Exhibition: Prints in Paris 1900: From Elite to the Street – March 3, 2017 to June 11, 2017
Get a new perspective on France’s cosmopolitan capital in this exhibition of 250 fin de siècle prints shown in their original context.
These prints were seen all over Paris in the period 1890–1905. World-famous posters like Le Chat Noir and Le Moulin Rouge were displayed along the boulevards and in popular cafés.
This temporary exhibition brings both of these worlds back to life, while presenting a richly nuanced picture of the exciting cultural life of Paris.
Some artists also created exclusive prints for the elite which could only be seen in private collections, fashionable theatres and exclusive galleries.
The Van Gogh Museum manages one of the finest collections of fin-de-siècle prints in the world.
This collection of over 1,700 French prints, posters and artist’s books is normally kept in storage because of their sensitivity to light.
The Van Gogh Museum’s focus in 2017 will be on France and, in particular, Paris. The museum will host a range of activities and events throughout this theme year including exhibitions, lectures and workshops.
The Prints in Paris 1900 exhibition is part of that theme.
Such temporary shows — which are always well curated — provide much insight into Van Gogh and the time and environment in which he lived.
This is one reason why we, the publishers of DutchAmsterdam visit the museum two or three times a year — more whenever we have the opportunity.
Many tourists likewise enjoy visiting more than once.
Virtual Van Gogh Museum
If you can’t visit the museum in person but would like to see its collection anyway, visit Amsterdam’s Van Gogh Museum via Google’s Art Project.
You’ll be able to ‘walk’ through the museum, zoom in on art objects, and get extra information about them.
Additional Practical Information
P.O. Box 75366
1070 AJ Amsterdam
T +31 (0)20 570 5200
F +31 (0)20 570 5222
Luggage / Cloakroam
Jackets and handbags are allowed in the museum, but rucksacks, umbrellas and larger backpacks must be placed in the cloakroom.
Note: They’re not referring to luggage-sized bags and packs.
There are no lockers at the museum, so do not bring your luggage! Leave it in your hotel, or at the luggage storage facility inside Amsterdam Central Station.
Free Wi-Fi is available throughout the museum, but please limit the use of your mobile phone.
Photos / Videos
You cannot take photos and/or record videos within the museum, except in designated areas such as the ‘selfie wall.’
That said, journalists, bloggers and vloggers who wish to film or take photographs may request a press visit.
In The News
Home at last: after 14 years the stolen Van Gogh paintings are back in the museum.
After an absence of 14 years, the two paintings by Van Gogh that were feared lost are again on display in the Van Gogh Museum. The works were stolen from the collection in 2002 by thieves who needed only a few minutes for the entire operation. The theft was a major blow to the art world.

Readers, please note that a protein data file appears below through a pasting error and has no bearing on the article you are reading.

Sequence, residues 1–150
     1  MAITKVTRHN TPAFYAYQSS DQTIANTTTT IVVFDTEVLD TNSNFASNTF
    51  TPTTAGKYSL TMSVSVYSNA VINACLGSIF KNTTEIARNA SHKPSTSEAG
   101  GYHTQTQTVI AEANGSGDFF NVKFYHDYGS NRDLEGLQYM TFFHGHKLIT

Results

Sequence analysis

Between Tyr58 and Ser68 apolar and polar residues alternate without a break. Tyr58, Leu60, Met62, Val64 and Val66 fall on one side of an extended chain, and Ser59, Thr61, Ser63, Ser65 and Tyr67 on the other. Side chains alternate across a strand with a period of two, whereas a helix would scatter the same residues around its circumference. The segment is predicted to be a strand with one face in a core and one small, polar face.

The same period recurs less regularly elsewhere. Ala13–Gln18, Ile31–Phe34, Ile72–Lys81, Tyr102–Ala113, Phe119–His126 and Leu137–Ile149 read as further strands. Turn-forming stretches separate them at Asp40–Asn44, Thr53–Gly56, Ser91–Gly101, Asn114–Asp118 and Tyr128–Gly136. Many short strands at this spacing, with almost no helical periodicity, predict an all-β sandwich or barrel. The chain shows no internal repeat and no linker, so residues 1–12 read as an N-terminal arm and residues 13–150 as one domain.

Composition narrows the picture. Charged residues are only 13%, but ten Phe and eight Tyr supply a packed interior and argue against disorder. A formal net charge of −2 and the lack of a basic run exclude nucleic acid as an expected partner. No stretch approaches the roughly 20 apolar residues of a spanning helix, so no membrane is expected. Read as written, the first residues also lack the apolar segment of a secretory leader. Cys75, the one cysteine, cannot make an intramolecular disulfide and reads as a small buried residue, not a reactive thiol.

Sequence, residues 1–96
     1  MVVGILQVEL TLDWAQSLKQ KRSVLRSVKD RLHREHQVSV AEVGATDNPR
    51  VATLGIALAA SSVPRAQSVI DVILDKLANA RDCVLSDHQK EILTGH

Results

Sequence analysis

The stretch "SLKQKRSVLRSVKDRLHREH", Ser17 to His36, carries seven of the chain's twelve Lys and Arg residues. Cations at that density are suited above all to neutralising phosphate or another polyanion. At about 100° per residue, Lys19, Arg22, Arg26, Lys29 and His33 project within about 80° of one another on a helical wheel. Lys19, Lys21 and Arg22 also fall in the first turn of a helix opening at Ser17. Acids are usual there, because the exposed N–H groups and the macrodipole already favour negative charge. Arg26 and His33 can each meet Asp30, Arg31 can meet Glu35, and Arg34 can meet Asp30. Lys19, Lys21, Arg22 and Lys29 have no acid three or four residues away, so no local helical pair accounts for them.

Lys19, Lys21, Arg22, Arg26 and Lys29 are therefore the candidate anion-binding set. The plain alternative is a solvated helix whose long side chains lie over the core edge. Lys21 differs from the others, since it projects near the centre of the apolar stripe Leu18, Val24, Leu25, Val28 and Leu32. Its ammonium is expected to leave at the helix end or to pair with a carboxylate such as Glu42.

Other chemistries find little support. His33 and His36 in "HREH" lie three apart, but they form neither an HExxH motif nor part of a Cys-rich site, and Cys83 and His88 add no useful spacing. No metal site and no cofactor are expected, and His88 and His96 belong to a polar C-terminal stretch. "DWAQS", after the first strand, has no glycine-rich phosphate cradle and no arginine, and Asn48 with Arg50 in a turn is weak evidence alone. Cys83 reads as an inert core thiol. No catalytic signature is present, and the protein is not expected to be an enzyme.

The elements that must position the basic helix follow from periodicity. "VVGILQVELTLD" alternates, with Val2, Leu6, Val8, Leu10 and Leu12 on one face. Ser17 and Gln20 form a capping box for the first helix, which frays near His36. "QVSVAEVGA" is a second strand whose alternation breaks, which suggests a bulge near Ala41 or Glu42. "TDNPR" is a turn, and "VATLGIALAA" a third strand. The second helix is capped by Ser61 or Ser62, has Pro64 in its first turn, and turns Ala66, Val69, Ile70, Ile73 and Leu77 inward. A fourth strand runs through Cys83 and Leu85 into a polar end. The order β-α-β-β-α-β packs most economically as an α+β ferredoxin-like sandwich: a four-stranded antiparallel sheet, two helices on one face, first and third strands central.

Last September, a team from the Italian Guardia di Finanza stumbled upon the two paintings during a house search in the vicinity of Naples. Thanks to the concerted efforts of the Italian and Dutch authorities, the works could be released relatively soon and begin their journey back to the Netherlands. Starting today, they have resumed their place in the museum’s collection and are on display in the state in which they were found, without their frames.
– Source: Van Gogh Museum, Press Release
So… did Vincent van Gogh cut off his ear after getting into a row with Paul Gauguin (and then gave it to a prostitute as a lugubrious token of love)?
Did Gaugain — an accomplished fencer — actually lob the ear off during a fight? And did the two then agree on a story in other to protect Gauguin — as German author Hans Kaufmann claims in his 2009 book Pakt des Schweigens (“Pact of Silence”)?
Or should we believe Martin Bailey, a British van Gogh specialist, who in new book — Studio of the South: Van Gogh in Provence [Amazon USA] [Amazon UK] (published November, 2016) — reveals that the painter sliced off his ear with a razor blade after learning the news that his brother Theo was engaged?
Frankly, it appears that no one knows for sure. But you can learn all that is known about this event at the museum.
On a Personal Note
I first visited the Van Gogh Museum in 1977, and I remember it like it was yesterday.
At the time I worked at a youth hostel in the center of Amsterdam, and I wondered why so many of our hippie guests — on their way to or from India — seemingly felt ‘compelled’ to see the museum.
That visit ignited my interest in impressionist and post-impressionist paintings — which turned into a lifelong love affair, so to speak.
To this day my wife and I both visit the museum on a regular basis — to marvel again and again at Van Gogh’s wonderful paintings, to ponder his life story, and to learn more about his place among the artists of his time.
It never gets boring — for the same reason you can enjoy your favorite songs, music, poems and movies over and over.
At DutchAmsterdam we have heard similar comments from many tourists who have visited both the city and the museum multiple times.
They return not just for the special, temporary exhibitions, but also to reacquaint themselves — face to face — with their favorite paintings.
By the way, if you happen to see me there, say “Hi!” I’ll buy you a coffee or a beer.
- The collection includes some 200 paintings, 500 drawings, and more than 700 of Van Gogh’s letters. ↩
- Tourist guide books from before September 2015 list the old address, at Paulus Potterstraat 7. ↩
- Unfortunately the pass does not entitle you to skip the line. You will receive your ticket upon presenting the pass at the cash desk. ↩
- Note: the companion’s ticket is not available online. Please contact one of the hosts outside the museum once you’ve arrived. The host will take care of the rest. ↩
- That figure represents 10.5% more visitors than in 2015, when the museum welcomed 1.9 million visitors. ↩